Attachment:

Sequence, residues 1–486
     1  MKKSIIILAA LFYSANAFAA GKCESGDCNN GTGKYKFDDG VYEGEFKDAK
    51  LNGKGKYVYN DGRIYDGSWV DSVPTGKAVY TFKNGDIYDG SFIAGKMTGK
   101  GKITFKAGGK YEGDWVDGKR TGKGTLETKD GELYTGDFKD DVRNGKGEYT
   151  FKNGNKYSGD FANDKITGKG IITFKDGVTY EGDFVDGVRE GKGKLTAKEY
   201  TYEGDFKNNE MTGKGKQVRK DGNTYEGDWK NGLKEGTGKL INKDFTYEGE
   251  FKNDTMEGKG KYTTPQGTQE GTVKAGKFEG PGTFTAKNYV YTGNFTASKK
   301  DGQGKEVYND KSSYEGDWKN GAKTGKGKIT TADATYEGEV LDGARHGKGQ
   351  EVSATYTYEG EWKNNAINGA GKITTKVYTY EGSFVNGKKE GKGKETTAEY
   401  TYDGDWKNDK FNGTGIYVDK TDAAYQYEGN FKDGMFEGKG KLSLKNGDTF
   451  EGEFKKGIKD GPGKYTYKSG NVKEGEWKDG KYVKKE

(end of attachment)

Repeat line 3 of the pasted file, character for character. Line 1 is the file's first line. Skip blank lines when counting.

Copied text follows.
    51  LNGKGKYVYN DGRIYDGSWV DSVPTGKAVY TFKNGDIYDG SFIAGKMTGK